Is it an erroneous phrase?
It's not common, that's for sure. I would say it's erroneous in that it's missing the word "get", or "become": "they felt themselves get quieter". But even then, that would leave a native speaker thinking about your choice of words rather than what you're saying.
when can one say "I feel myself" or "They feel themselves"?
The "feel" in this sentence structure is usually referring to a physical feeling. If you just say "I feel myself", that usually means that you are touching your own body. Lacking context, that can easily be understood sexually.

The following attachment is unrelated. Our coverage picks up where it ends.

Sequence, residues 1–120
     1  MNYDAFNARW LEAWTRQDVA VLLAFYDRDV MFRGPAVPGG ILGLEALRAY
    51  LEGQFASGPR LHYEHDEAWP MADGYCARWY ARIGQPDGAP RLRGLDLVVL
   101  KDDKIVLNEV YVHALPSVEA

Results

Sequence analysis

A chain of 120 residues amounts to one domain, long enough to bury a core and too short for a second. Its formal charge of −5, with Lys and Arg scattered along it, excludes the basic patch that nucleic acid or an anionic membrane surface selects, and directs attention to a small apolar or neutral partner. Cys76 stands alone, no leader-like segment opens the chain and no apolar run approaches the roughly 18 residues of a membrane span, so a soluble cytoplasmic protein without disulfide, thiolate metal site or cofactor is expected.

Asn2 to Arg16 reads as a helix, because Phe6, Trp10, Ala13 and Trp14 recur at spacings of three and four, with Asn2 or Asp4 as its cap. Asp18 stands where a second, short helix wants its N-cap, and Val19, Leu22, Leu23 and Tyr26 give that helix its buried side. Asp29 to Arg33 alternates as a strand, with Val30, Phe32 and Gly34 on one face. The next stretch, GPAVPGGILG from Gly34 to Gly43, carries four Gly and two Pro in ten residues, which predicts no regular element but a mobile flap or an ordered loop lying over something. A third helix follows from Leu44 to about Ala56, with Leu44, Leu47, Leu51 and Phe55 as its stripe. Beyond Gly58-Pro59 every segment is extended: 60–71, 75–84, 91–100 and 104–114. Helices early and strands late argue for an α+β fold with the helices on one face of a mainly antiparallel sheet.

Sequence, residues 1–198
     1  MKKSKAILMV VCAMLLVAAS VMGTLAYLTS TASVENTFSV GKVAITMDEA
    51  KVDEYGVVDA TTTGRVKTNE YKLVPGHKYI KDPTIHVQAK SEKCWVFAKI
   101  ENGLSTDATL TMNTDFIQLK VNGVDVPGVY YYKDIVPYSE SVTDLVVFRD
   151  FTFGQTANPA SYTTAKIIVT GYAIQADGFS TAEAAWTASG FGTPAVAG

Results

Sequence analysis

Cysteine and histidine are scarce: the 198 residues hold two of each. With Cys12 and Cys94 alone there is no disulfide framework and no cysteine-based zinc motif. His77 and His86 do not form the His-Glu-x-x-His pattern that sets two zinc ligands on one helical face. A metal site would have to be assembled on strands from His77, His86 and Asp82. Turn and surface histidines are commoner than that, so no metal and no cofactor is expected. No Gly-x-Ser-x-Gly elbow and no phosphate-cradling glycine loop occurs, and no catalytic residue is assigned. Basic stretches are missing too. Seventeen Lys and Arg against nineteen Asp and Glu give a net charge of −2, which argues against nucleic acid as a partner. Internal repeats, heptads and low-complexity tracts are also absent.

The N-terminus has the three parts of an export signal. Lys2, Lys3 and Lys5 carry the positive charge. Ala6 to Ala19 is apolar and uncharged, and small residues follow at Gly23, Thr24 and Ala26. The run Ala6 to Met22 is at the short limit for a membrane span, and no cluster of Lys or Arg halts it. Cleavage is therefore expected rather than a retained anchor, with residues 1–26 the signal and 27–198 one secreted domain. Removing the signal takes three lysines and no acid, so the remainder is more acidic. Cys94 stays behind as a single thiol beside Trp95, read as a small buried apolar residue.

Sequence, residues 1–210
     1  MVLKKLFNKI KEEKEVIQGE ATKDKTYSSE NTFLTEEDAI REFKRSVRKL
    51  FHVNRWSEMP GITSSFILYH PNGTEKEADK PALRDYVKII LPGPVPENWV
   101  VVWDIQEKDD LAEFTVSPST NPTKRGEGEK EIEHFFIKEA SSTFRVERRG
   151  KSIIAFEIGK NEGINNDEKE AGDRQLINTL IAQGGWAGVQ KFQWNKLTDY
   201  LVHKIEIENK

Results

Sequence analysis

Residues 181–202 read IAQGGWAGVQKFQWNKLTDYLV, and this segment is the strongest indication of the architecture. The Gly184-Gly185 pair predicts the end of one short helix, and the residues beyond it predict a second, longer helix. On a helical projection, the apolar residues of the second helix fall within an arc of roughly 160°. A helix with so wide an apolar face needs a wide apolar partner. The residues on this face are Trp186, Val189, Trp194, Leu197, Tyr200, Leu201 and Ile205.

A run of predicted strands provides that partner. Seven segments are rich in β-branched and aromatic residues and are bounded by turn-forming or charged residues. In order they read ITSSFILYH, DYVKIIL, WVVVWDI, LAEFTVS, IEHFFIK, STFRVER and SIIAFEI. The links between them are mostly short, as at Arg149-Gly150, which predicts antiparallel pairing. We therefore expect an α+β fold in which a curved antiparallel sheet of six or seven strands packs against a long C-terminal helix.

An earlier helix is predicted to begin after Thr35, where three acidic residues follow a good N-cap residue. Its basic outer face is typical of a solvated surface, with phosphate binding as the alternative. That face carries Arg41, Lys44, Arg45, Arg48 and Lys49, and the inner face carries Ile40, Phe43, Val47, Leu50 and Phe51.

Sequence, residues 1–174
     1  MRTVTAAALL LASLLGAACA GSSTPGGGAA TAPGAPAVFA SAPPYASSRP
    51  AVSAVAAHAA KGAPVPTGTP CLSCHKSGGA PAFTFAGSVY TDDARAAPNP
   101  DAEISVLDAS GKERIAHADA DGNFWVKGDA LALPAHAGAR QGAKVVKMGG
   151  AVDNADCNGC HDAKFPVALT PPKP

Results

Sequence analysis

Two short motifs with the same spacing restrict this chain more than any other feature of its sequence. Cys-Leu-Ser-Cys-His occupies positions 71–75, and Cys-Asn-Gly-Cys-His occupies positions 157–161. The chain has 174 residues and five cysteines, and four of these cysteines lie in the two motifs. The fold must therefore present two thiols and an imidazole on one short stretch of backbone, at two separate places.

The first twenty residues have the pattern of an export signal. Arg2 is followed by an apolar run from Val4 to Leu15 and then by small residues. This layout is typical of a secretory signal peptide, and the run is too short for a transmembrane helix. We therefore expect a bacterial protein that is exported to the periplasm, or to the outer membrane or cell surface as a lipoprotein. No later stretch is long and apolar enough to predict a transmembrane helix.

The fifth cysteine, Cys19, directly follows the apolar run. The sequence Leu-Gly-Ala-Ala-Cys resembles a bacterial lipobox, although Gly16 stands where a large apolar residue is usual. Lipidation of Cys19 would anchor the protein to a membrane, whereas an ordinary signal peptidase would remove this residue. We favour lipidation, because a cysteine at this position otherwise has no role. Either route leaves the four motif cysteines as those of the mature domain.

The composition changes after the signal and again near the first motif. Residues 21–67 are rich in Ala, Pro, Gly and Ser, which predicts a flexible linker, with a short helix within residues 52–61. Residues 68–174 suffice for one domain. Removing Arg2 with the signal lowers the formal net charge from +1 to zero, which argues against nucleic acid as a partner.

If you say "I feel myself [something]", that something would be something physical, but involuntary - not something you are intentionally doing. For example, "I felt myself fall asleep."
Or even something that you are "intentionally" doing, but feel powerless to stop. For example, an alcoholic saying "I felt myself reaching for another drink."
Or you could say something like "I feel myself getting angry". That would be understood to mean that you have noticed the physical responses that go along with being angry before you realized that you are actually angry.
And that is the problem with "they felt themselves quieter immediately" - "quieter" is not a physical feeling, it's auditory. A native speaker would more likely say:
- "They heard themselves get quieter", or
- "They noticed themselves get quieter"
I'm a native English speaker from Canada.